Upeka De Silva
15 October 2018
Check your privilege – exploring how GPs support patients with Advance Decisions
I’ve recently completed a Freedom of Information (FOI) request relating to the advance care planning policies of all 207 Clinical Commissioning Groups
Freedom of Information (FOI)
Living will (advance decision)
Research and policy
Working in the open
I’ve recently completed a Freedom of Information (FOI) request relating to the advance care planning policies of all 207 Clinical Commissioning Groups. This included looking at how callers to our Information Line feel about interactions they’ve had with their GPs about Advance Decisions (also known as Living Wills).
I’m asking GPs to check their privilege
I don’t mean this as an insult. Instead, this is a plea to GPs to reflect on the privileged position they’re in to help people get the end-of-life treatment and care that is right for them.
I’d like GPs to reflect on this important role, and on whether they’re doing all they can to understand and support their patients to plan their future care.
The law is here to help
The Mental Capacity Act 2005 is an empowering piece of legislation. It helps people make decisions about their future treatment and care in advance. This means that, in the event they become unable to make these decisions for themselves, the treatment they receive would be in line with their values and priorities. It helps make person-centred care possible in a simple and meaningful way.
As set out in sections 24–26 of the Mental Capacity Act 2005:
- Advance Decisions are legally binding documents provided they meet certain criteria.
- Advance Decisions allow anyone over the age of 18 with mental capacity to record any medical treatments they do not wish to have in the future and they are not limited to refusals of cardiopulmonary resuscitation.
- There is no set format for the document and you can complete them without the involvement of a solicitor or a healthcare professional.
You can get your own Advance Decision for free on our website.
The reality doesn’t always live up to the legislation
As part of my work I’ve been examining the experiences of callers to our Information Line. This free service offers people an opportunity to discuss and write down their treatment preferences. It’s a way for people to get information and share experiences.
Here are some examples of what callers have said in relation to disappointing experiences with their GPs:
- ✗ “The GP thought that my Advance Decision meant I did not want any further treatment as of now! I explained that it was a refusal of treatment for when I lost capacity to make decisions myself. The administrative department refused to record my Advance Decision on my medical notes and destroyed the copy I had given them.”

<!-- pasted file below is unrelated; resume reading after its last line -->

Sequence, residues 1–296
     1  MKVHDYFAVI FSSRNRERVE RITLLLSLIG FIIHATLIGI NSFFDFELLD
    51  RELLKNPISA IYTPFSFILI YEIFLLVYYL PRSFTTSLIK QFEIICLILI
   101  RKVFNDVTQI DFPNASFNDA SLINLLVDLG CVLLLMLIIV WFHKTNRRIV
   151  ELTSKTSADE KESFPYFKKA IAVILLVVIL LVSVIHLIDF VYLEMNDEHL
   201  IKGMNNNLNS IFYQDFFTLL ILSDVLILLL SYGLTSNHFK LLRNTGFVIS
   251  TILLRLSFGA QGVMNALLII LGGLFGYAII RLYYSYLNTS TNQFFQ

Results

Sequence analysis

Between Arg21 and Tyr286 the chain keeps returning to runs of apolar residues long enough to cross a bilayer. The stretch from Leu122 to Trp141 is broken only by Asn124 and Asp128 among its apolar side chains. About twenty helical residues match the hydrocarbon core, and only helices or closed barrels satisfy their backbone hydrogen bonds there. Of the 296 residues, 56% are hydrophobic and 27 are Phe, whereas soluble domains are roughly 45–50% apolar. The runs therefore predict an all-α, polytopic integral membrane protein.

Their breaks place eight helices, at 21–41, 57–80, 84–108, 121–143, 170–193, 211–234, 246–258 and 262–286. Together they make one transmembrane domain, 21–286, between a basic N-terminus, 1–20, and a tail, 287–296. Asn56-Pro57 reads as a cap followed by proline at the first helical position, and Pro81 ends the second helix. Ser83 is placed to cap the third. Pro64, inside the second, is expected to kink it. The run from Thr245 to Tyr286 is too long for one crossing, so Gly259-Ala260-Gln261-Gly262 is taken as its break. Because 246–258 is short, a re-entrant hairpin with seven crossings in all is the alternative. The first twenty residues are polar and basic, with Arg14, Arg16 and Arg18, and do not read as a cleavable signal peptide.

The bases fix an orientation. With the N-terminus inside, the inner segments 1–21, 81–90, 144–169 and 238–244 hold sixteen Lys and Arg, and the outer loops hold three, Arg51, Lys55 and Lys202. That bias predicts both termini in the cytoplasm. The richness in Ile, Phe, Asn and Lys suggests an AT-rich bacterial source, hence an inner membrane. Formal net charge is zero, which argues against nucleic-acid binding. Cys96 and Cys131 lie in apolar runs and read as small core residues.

- ✗ “My GP said ‘don’t bother doing an Advance Decision, it’s not legally binding.’ ”
- ✗ “My GP told me I wasn’t old enough to do an Advance Decision”
- ✗ “When I went to discuss my Advance Decision with my GP, she was utterly bemused by the whole thing. ‘What is this? Why are you bringing it to me? Where did you get it from?’ After she’d read the whole thing, she said ‘so it’s about not being resuscitated?’ I had to explain everything to her.”
- ✗ “My GP told me I needed a solicitor to complete an Advance Decision.”
- ✗ “My GP told me that I can only have an Advance Decision if I had a pre-existing condition like cancer.”
- ✗ “My GP isn’t supportive of my Advance Decision and said I have to pay £50 for an appointment to discuss it.”
We have to work together to make things better
I know that GPs are overstretched. I want to help. But first I need to understand why some opportunities to support people in taking control of their future care are being denied.
- Do national commitments to person-centred end of life care not resonate with GPs?
- Have those who developed the law neglected to support GPs to implement it?
- Do GPs simply not have the time to take up training on these issues and to have conversations with patients?
- Is traditional paternalism getting in the way of patient choice?
Whatever the reasons, I have no doubt that change is possible. I believe that GPs — the privileged gatekeepers to person-centred end-of-life care — can work with us to play a meaningful role in creating that change.
I hope this will lead to more calls like this:
I’ve completed my Advance Decision, discussed it with my GP, who put it on my records. I can now relax!
To find out more about how to make change happen you can read our full report.
If you’re a GP that wants to work with us to improve the experiences of your patients, drop me an email.
If you want to share your own experiences of talking to your GP about Advance Decisions, good or bad, you can call our information line on 0800 999 2434, email me, or send us a Tweet — we’d love to hear from you.